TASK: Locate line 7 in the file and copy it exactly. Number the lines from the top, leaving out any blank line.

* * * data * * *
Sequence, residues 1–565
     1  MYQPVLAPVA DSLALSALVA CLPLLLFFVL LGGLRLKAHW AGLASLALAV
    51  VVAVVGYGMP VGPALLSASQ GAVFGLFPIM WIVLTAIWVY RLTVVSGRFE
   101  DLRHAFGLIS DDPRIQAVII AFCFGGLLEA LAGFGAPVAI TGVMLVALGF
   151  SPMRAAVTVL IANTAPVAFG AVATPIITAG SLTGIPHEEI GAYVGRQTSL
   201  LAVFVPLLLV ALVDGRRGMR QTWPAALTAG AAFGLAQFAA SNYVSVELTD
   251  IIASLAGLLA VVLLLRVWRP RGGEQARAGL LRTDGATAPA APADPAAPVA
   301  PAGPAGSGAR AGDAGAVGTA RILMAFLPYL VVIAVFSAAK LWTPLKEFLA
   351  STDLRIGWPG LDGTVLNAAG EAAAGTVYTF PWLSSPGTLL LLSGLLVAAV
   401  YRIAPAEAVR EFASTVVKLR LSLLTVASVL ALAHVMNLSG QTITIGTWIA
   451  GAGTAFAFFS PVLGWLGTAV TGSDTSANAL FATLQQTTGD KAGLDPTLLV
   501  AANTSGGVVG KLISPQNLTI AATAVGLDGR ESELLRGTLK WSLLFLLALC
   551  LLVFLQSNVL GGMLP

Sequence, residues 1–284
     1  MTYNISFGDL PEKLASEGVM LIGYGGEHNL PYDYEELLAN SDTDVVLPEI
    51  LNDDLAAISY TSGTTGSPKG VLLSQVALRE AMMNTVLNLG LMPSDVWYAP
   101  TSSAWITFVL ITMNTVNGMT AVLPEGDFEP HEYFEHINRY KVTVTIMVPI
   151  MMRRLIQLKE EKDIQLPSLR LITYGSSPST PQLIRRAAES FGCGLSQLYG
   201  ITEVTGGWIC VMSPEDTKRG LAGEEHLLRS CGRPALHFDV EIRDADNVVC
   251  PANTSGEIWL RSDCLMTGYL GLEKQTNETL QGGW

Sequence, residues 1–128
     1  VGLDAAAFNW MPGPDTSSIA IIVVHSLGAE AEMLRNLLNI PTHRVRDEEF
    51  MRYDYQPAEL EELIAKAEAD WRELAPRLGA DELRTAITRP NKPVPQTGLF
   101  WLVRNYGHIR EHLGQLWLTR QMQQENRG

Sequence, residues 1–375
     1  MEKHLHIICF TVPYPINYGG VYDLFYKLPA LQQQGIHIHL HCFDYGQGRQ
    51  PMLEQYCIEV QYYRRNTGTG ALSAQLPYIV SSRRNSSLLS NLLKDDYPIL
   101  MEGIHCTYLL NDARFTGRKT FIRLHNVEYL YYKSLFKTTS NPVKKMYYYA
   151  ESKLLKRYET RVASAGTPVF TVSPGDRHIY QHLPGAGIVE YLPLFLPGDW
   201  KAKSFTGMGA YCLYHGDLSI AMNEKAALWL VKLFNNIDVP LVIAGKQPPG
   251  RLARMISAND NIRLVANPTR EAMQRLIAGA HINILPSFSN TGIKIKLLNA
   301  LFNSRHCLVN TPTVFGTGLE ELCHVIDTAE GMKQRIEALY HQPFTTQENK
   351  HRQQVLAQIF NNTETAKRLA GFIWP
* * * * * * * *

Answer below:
   251  IIASLAGLLA VVLLLRVWRP RGGEQARAGL LRTDGATAPA APADPAAPVA